June


Further information and contacts

To find out more about the sessions held at the Living Our Way conference, contact First Peoples Disability Network Australia on (02) 8399 0882 or email enquires@fpdn.org.au

And to stay up to date, follow FPDN on:

Twitter @FPDNAus

Facebook First Peoples Disability Network

Youtube First Peoples Disability Network Australia

Linked In First Peoples Disability Network

Website www.fpdn.org.au

The Living Our Way conference was kindly sponsored by the Australian Centre for Disability Law.

Media releases and articles in relation to the Living Our Way conference were posted by:

First Peoples Disability Network Australia

National Aboriginal Community Controlled Health Organisation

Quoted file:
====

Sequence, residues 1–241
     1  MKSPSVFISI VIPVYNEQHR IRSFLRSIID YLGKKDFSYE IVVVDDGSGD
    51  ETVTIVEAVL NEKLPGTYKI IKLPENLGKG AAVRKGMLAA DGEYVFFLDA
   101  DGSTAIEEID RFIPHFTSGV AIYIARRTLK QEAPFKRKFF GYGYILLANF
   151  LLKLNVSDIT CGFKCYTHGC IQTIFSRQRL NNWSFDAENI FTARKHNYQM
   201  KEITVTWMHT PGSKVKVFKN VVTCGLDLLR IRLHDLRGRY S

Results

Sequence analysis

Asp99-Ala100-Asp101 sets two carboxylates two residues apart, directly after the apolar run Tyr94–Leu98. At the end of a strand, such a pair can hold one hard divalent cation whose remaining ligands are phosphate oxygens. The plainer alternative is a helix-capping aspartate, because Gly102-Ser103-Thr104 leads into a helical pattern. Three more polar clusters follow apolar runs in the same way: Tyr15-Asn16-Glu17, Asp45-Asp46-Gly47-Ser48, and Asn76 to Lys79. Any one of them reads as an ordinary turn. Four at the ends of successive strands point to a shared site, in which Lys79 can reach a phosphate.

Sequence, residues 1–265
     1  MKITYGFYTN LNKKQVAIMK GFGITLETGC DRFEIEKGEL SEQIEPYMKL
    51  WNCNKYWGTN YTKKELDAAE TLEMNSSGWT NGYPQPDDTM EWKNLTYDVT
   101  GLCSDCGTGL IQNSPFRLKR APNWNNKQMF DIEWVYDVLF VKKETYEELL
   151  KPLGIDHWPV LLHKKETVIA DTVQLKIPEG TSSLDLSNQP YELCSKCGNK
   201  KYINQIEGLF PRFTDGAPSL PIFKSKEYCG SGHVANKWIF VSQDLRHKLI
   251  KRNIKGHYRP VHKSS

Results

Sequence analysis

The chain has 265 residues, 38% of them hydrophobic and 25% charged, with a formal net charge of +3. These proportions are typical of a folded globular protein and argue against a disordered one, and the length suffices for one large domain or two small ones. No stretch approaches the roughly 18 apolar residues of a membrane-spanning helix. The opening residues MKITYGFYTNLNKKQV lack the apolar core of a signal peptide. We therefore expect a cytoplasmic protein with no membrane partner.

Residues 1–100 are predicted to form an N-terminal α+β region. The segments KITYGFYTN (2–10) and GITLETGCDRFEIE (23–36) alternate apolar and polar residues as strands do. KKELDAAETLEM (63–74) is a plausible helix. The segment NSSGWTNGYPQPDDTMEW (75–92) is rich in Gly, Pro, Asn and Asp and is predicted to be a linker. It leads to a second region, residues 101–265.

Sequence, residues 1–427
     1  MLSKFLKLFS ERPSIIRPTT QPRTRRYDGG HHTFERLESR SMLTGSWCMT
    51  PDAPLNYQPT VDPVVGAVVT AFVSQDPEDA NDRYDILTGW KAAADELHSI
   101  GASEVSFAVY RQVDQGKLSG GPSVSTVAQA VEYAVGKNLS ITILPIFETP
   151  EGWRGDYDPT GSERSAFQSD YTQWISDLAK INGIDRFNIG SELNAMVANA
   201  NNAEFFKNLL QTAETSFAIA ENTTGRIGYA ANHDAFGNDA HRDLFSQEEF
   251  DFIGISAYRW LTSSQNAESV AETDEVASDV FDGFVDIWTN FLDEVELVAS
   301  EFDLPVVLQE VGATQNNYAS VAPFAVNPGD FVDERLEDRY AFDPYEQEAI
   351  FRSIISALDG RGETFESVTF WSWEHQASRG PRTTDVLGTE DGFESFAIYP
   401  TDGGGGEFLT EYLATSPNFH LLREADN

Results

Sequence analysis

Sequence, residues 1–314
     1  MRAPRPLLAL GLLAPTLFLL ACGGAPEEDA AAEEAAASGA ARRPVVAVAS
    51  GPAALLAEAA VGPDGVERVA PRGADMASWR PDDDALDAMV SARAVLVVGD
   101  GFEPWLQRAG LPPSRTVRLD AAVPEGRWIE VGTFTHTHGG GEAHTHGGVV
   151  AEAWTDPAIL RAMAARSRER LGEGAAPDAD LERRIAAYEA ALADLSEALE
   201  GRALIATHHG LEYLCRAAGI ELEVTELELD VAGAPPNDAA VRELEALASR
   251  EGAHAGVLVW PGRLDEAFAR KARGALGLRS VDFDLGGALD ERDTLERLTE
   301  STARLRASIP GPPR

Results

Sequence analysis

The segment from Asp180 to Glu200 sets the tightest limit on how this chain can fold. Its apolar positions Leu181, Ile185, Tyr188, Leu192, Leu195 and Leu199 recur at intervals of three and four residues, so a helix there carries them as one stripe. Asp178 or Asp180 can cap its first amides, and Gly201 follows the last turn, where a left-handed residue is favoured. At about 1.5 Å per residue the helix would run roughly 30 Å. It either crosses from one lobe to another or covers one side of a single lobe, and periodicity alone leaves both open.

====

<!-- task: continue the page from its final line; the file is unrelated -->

Croakey

Download 21-pages of LivingOurWayTweets, compiled by Karen Wyld.


Twitter analytics

Warm thanks to all who helped to share the #LivingOurWay news.

AnalyticsparticipantsLOW

Read the full Twitter transcript at Symplur.

CCNS_LivingOurWay_logo

Comments 2

  1. Andrew Wright says:

    This is very heart warming. Discussing the needs of the less fortunate.
    We must always strive to be an inclusive society and this gives me hope.
    Thank you to everyone involved.
    ———————————————————————-
    A. Wright – Sunshine Coast Limousines

  2. Mark Lock says:

    Great work Karen and the Croakey mob!